Tattoos in China – Part One
Hi fellow tattoo enthusiasts! Welcome to my two part blog about tattoos in China. The first part will talk about the history of tattoos in China, leading on to the second part detailing my experience of getting a tattoo in China with some advice if you feel similarly inclined.
Since ancient times people have been putting ink under their skin and calling it tattooing. In fact the Chinese word for Tattoo is Wen Shen 纹身 which literally means lines on the body. Wen shen in China has been around a long time but in recent history it has been mainly associated with the criminal underworld . Nowadays tattoos are becoming more and more popular with the younger generations and the prejudices are beginning to crumble.
Some minorities in China have tattoos as a tradition. The Drung and Dai minorities are good examples of this. Amongst the Drung communities, Tattoos are a rite of passage for young girls whereby they receive ink lines around the cheeks and eyes. These would not have been done in a fancy studio though with a professional tattoo gun… but with charcoal water and thorns to pierce the skin.. lovely!
The men of the Dai minority host ink on their arms, legs and chests as a sign of masculinity. These tattoos had an animal theme and were also believed to protect them from mythical creatures .
The most famous tattoo in Chinese history would be that of a man called Yue Fei. When Yue Fei was a young man the imperial court was in dire need of warriors to ward off the northern attackers. Yue Fei faced a dilemma. On the one hand he had to protect his country; but on the other hand he needed to stay and tend to his elderly mother.
To help with her son’s predicament she got her sewing needle and tattooed four words onto his back – Jing Zhong Bao Guo – Serve your country loyally. And told him that his number one priority should always be to his country. He went off to become a national hero and all round bad ass.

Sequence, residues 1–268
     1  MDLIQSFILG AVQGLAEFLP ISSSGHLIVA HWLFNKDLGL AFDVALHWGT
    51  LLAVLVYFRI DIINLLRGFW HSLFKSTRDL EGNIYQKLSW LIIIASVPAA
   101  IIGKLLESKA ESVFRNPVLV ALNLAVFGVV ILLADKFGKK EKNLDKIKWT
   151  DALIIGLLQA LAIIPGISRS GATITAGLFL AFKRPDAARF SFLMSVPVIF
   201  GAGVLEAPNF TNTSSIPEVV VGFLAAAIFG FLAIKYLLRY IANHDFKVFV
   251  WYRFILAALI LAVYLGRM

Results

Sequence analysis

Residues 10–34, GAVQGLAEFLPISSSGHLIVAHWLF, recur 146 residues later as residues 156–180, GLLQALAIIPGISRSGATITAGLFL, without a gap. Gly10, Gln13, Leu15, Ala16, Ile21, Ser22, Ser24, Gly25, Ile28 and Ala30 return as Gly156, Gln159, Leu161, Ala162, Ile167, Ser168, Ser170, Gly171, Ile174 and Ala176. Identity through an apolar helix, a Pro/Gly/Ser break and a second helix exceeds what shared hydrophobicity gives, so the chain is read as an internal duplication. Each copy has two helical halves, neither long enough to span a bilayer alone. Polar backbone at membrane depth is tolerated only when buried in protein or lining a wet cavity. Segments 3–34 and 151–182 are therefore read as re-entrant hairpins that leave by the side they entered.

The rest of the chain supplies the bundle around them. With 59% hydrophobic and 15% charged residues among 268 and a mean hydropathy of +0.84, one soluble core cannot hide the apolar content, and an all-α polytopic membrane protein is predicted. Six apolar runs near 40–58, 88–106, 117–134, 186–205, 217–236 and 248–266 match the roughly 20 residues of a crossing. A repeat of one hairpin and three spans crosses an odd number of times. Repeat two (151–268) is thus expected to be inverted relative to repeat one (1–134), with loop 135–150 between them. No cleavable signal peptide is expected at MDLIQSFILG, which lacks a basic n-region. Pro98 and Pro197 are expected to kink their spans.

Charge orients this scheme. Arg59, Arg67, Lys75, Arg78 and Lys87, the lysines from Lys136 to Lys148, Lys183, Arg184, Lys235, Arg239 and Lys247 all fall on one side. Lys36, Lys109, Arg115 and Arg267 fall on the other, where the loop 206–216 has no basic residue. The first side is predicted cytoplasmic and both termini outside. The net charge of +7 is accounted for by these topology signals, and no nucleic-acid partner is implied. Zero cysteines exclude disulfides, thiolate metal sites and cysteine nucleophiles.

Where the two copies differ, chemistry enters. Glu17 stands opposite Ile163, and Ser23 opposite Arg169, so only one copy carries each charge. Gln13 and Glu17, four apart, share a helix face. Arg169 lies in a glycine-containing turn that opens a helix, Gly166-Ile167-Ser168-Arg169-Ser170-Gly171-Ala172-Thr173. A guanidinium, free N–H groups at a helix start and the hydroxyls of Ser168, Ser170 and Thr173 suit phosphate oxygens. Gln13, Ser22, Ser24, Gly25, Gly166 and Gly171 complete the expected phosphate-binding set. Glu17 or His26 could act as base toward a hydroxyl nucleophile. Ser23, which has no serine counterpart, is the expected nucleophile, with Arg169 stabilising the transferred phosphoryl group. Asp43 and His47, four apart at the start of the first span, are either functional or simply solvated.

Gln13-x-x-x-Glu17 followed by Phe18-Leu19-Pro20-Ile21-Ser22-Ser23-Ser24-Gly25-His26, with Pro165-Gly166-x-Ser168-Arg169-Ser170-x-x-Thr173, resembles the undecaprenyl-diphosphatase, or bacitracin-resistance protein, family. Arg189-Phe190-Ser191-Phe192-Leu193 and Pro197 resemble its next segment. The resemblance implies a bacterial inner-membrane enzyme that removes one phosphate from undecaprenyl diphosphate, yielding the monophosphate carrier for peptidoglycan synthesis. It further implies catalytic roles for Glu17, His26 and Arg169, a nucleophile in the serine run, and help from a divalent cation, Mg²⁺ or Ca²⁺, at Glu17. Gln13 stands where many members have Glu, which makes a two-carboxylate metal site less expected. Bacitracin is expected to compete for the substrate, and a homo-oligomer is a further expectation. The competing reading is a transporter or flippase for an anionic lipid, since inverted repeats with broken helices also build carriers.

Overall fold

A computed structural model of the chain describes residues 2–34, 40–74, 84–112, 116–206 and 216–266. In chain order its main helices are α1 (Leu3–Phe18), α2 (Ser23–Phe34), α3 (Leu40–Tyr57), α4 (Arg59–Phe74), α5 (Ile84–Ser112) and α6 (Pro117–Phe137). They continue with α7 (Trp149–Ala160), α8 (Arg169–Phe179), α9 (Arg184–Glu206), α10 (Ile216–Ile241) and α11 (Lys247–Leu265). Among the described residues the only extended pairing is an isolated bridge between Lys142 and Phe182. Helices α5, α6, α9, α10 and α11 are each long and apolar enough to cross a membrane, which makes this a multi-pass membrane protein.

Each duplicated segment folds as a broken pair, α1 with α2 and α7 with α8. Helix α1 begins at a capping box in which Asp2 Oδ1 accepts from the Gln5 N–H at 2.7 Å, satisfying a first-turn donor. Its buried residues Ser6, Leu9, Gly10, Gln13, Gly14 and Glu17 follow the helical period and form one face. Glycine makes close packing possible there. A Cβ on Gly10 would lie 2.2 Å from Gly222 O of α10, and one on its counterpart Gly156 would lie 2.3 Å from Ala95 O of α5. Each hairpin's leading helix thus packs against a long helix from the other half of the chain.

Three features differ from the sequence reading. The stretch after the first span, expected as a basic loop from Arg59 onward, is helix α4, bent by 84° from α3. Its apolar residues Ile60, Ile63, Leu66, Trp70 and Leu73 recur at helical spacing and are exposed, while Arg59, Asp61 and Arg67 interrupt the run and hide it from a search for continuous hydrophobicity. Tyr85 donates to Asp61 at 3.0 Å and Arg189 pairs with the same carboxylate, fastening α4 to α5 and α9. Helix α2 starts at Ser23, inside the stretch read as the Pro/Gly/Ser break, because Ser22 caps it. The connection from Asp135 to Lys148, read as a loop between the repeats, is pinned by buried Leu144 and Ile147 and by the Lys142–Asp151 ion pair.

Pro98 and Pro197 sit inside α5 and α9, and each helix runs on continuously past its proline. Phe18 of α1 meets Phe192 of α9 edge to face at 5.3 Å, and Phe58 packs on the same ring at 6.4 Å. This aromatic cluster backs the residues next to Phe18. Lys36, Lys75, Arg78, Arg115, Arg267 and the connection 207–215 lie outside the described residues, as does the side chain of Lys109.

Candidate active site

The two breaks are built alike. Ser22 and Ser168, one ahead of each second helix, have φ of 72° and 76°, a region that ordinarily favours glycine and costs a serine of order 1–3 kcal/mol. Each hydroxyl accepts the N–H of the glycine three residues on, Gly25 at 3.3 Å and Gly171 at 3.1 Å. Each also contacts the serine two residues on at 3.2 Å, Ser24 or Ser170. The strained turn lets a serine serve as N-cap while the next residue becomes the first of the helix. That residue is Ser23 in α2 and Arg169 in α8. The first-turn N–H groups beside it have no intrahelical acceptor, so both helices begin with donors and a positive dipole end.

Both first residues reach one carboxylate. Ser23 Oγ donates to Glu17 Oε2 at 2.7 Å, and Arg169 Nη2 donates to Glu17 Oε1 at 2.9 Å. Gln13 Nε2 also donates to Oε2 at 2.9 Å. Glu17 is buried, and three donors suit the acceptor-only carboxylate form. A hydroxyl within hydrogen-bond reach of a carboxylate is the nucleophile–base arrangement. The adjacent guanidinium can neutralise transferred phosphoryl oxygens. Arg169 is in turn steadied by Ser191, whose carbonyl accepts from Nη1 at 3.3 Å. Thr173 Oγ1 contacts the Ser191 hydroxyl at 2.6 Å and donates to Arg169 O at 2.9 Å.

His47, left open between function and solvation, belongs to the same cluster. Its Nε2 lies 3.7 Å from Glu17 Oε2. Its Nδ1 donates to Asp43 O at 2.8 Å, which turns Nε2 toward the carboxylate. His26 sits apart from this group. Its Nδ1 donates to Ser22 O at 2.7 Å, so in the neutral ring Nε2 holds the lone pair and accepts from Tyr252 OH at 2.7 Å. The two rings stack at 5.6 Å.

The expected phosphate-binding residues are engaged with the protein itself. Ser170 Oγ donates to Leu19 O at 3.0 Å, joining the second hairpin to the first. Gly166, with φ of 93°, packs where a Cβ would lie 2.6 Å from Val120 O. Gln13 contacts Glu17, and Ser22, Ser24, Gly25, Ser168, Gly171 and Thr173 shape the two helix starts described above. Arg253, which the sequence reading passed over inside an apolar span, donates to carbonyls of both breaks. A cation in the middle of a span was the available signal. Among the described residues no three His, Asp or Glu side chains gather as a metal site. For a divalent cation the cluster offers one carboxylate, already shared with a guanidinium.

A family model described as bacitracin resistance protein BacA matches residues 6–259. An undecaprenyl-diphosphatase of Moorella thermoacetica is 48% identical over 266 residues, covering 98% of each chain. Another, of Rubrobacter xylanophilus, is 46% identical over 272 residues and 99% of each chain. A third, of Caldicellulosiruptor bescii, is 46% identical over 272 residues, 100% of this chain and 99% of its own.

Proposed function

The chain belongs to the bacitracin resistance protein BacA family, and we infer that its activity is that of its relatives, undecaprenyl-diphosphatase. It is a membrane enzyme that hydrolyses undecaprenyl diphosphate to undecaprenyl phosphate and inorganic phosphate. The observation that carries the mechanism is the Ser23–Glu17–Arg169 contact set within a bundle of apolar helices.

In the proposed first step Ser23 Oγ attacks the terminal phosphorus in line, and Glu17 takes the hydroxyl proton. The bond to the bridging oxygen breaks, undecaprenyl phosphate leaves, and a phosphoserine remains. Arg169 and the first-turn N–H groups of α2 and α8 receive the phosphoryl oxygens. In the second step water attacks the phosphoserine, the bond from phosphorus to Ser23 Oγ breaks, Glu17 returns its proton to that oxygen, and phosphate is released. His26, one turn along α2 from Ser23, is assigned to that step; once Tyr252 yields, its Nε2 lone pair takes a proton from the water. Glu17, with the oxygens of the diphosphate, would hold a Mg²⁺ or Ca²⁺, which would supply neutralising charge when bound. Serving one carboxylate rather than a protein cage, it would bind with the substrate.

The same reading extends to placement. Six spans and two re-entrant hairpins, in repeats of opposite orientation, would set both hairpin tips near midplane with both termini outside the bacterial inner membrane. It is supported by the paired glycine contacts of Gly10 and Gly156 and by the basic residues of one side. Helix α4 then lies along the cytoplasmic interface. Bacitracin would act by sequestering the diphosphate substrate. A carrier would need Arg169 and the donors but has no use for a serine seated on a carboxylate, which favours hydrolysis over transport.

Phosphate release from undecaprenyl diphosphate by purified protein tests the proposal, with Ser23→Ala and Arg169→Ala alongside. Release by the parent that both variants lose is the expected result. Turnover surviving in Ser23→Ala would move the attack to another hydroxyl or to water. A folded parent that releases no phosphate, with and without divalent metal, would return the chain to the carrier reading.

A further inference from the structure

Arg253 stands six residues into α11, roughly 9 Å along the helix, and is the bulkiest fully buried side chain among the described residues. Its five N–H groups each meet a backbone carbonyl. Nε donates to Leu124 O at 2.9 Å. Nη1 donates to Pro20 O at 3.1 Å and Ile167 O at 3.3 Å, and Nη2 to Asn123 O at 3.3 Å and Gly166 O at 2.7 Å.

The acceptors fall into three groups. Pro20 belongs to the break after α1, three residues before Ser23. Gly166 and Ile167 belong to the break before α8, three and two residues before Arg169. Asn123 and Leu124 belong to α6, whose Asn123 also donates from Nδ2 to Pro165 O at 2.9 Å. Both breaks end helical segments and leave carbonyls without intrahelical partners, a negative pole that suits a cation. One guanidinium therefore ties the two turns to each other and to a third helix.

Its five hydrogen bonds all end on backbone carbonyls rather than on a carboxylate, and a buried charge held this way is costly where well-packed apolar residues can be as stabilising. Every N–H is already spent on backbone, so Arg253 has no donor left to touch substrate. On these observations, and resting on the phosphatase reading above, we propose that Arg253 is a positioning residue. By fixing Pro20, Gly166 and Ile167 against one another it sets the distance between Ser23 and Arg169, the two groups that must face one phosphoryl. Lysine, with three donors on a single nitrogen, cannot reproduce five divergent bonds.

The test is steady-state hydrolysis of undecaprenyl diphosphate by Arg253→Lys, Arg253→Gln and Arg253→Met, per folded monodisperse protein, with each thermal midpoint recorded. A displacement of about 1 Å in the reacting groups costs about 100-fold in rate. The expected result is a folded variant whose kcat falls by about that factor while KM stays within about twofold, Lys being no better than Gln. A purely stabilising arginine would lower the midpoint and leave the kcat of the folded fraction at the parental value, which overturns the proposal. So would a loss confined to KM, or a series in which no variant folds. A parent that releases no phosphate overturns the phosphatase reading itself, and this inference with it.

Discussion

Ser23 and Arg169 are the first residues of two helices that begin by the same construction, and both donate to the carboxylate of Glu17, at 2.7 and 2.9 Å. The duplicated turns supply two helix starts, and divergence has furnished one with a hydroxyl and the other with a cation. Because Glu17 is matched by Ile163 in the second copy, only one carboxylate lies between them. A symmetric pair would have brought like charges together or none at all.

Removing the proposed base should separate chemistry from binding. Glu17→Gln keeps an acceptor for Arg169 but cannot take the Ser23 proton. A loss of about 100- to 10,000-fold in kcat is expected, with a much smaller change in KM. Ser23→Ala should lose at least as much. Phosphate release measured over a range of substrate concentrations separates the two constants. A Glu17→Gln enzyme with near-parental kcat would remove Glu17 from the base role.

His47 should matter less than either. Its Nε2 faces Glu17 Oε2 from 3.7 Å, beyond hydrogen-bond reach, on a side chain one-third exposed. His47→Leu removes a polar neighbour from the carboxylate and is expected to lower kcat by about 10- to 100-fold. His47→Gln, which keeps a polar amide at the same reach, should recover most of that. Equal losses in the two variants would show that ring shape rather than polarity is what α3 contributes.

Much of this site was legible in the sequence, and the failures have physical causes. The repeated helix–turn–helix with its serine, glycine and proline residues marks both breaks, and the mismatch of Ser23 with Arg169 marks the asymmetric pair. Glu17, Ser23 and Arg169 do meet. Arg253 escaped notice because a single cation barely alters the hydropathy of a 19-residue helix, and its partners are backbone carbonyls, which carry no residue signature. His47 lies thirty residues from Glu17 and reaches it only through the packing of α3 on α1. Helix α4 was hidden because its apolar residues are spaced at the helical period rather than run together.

During China’s cultural revolution in the 1960s, Chairman Mao Zedong banned tattoos in China.
He reckoned they were a sign of impurity and roguery.
This idea echoed throughout Chinese society and still today people in the Chinese military are forbidden to have tattoos. Lots of governmental organisations will also not hire people with ink. (Mike Tyson clearly agrees with mao’s ban on tattoos! see below)
Like I said though, tattoos are becoming more and more popular with the youth in China. They are not just getting random symbols to be cool anymore, they are actually caring about the art and becoming more aware of tattoo standards and practices. The next part of my blog will be about my experience getting a tattoo in China and will be giving some advice if you are looking to do the same!
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